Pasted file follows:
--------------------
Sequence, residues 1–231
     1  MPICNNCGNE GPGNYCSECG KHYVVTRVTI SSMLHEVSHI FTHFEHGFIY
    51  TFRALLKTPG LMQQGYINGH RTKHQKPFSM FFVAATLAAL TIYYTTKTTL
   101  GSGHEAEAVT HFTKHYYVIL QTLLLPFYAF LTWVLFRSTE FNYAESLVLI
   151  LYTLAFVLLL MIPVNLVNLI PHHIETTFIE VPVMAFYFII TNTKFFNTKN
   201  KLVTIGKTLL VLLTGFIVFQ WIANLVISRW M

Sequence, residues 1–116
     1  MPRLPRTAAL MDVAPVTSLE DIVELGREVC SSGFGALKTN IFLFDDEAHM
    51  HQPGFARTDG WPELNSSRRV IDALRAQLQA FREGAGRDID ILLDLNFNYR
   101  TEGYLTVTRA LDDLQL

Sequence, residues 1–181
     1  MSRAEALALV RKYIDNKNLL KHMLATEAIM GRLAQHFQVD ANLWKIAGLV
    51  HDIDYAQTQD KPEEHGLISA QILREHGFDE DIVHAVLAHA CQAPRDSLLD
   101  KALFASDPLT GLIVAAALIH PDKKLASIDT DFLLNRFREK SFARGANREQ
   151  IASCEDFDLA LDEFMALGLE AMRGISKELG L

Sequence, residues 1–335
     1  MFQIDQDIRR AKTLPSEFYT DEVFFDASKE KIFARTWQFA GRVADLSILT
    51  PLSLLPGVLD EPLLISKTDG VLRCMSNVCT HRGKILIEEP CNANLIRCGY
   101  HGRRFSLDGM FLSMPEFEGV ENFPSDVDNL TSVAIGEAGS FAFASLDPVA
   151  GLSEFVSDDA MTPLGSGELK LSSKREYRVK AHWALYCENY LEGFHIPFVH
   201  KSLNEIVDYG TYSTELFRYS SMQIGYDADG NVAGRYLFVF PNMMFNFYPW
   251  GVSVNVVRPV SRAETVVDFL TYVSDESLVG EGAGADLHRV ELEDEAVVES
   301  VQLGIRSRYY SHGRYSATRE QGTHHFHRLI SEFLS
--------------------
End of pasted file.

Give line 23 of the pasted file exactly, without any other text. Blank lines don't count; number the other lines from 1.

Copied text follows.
   301  VQLGIRSRYY SHGRYSATRE QGTHHFHRLI SEFLS